How to

Star Hop

One of the toughest issues for the beginning amateur astronomer is finding the deep-sky object that you want to observe.
If you are using a GOTO telescope or one equipped with digital setting circles, the telescope will help with that.
But, if you are using a low-tech Dobsonian style reflector or a small alt-az mounted refractor, or even just binoculars,
then you will need to learn how to Star Hop.

Star Hopping is simple, inexpensive, and can be a fun way to learn the night sky!

You don't need to be an advanced astronomer to find deep-sky objects. 
All you need to Star Hop is a few equipment related items, star charts, and a little practice.
Listed below are 4 steps to help you in learning the techniques of Star Hopping.
These steps are general, use them as a guide and follow them as you like. It all depends on the object, your equipment,
and sky conditions. Go with whatever works for you.....

#1       Necessary Equipment:
	-  Obtain a star-finder/wheel (or use a monthly astronomy magazine sky chart). 
	-  Purchase a star atlas that has individual charts detailed enough to show stars of at least 8th magnitude.
	   (Can also purchase a planetarium program for your laptop or smart-phone)
	-  Purchase an observing guide-book for deep-sky objects.
	-  Get a red-dot finder, Telrad, or other bulls-eye finder. Mount on your telescope.
        -  To go with your telescope, you will need a good short-focal length (f3 to f6) wide-field Finder-Scope. 
	   At least a 50mm refractor, but preferably an 80mm that uses standard 1.25" eyepieces.
	   Find one that has a correct-image diagonal, also called an Amici Prism. This will allow for a comfortable 
	   observing position with a right-side up view that will match the actual sky and your star charts.
	-  Use a small folding table beside your telescope to hold your charts, books and notes.
	-  A red-light that you can stand or clip on the table to illuminate your charts, etc.
	-  A low-power, wide-field eyepiece, (30 - 40mm) in the main telescope. 
	-  Good alignment between the Finder-Scope and main telescope so that an object will be centered in both.

#2 Advanced Preparation: - Make a list of objects that you want to observe and the constellations that they are located in. - Use your star-finder/wheel to determine when the constellation will be above the horizon while dark. - With your star atlas, (or planetarium program), lookup the constellation and find the object on the star chart. - Find a bright naked-eye star near the object. This will be your starting 'Jump-Star'. - With a pencil and ruler, use the stars on the chart (or printed page from your planetarium program) that form a pattern: triangle, square, line, that leads toward the object from the jump-star and 'connect' the stars using the pencil. - Utilize your observing guidebook or planetarium program to find a description, photo, or sketch of the object. Get a feel of how difficult the object will be to see in your telescope. Small and faint? Large and bright? Is it beyond your telescope aperature size or level of darkness of your observing site? (you may need to save this object for a trip to a dark-sky location or viewing thru a friends larger telescope)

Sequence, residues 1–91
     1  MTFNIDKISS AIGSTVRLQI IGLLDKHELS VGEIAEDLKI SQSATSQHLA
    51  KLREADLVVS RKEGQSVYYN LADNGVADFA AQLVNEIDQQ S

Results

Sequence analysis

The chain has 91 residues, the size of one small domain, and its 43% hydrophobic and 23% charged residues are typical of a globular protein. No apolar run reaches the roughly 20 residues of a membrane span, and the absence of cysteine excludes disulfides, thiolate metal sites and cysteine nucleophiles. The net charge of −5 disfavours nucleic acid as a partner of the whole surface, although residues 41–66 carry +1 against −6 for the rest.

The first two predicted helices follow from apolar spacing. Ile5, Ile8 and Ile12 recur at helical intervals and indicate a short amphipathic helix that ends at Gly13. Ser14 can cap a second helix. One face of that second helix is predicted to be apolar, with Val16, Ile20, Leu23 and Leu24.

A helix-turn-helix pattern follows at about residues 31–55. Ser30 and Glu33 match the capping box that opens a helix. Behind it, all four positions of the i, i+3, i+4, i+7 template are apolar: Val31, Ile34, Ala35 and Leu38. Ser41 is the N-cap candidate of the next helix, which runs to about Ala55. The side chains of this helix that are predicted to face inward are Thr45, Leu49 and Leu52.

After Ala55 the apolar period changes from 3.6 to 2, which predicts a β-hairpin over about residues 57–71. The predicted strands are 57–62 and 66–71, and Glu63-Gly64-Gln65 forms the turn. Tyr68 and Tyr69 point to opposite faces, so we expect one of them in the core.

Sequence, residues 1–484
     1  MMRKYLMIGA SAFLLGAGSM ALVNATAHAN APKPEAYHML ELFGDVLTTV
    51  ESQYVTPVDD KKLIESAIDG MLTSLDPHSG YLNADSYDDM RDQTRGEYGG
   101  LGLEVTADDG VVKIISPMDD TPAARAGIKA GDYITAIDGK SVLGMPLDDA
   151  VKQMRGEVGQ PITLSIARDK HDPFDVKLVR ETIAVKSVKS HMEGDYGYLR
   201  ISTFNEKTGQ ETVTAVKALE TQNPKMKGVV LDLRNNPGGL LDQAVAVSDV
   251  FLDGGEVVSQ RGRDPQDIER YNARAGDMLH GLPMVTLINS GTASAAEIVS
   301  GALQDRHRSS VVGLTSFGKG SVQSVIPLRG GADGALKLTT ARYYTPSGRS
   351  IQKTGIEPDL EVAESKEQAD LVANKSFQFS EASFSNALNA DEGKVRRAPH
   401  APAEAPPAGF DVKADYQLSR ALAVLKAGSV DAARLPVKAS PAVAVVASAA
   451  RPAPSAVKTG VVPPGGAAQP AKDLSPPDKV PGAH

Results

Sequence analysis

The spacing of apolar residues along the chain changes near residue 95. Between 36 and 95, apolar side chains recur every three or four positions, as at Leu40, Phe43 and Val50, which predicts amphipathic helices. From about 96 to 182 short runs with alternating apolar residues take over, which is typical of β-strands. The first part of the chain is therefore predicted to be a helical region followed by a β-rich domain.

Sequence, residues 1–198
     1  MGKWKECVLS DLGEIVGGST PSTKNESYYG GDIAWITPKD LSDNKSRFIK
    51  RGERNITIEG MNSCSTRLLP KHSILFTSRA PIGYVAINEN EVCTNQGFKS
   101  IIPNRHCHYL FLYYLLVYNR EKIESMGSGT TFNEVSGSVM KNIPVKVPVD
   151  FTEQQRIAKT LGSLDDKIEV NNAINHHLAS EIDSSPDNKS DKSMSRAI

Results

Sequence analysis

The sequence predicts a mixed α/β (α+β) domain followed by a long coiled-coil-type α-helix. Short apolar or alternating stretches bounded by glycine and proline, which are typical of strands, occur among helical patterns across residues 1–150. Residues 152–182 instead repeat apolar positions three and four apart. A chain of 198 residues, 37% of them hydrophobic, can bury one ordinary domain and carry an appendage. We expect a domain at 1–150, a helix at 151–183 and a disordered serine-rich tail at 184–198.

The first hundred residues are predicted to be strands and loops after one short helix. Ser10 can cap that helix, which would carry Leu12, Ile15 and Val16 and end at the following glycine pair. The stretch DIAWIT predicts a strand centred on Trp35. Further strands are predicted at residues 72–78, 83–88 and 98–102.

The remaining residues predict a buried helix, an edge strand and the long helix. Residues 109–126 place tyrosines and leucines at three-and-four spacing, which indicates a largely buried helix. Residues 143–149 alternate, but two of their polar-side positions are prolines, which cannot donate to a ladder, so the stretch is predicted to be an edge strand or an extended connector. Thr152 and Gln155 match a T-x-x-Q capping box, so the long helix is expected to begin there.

#3 Practice and Execution: - Start with easy to find objects on your observing list. - Find the constellation in the sky using the star-finder/wheel. Is it in good position for observing? - Open the star-charts to the constellation and find the object on the chart. - Review the star-patterns that you previously penciled in. - From the chart, find your naked-eye jump-star in the sky and center using the red-dot and Finder-Scope. - Verify that the star is visible in the main telescope's wide-field, low-power eyepiece. - Using the star-patterns that you traced on your chart, begin using your Finder-Scope to 'Hop', or move the telescope to the first star-pattern. After verifying the telescope view to the chart, continue hopping. - If you get lost, return to the naked-eye jump-star and start over. - Depending on your Finder-Scope and if the object is bright and visible in the finder, you may be able to hop right to the object and have it centered in the main telescope using only the finder. - If not, then using the star-patterns, center the finder in the general location of the object and then begin sweeping using your main telescope's low power eyepiece. Start by moving the telescope one field diameter in each direction. - If not successful, use the finder to re-center the general location, and begin sweeping three fields per direction. - If still not successful, return to the jump-star and repeat using the star-patterns to verify that you are in the correct general location of the object. If your advanced preparation from reading the guidebook indicates that the object is small or faint, try switching the main telescope's eyepiece to a higher power and repeat sweeping. - Once you've successfully found the object, make note of the equipment used, (telescope, eyepiece), sky conditions, observing location, and a brief description of what features you were able to observe of the object. - If unsuccessful, record the same above information, but with a note to make another attempt on a different night.

#4 Patience and Perseverance: - As with any hobby, the more you put into it, the more you will get out of it, and the better you will become at it. It takes time to develop your Star-Hopping abilities. - If you stick with it, eventually, you will be able to find objects quicker and easier. - Along the way, you will find that you have become a better observer. - Now that you're able to find the deep-sky object that you are interested in observing, why not take your observing to the next level and try your hand at sketching! How to Sketch:

Hope you enjoyed the visit. Come again soon!

Larry McHenry,   Pittsburgh, PA. USA

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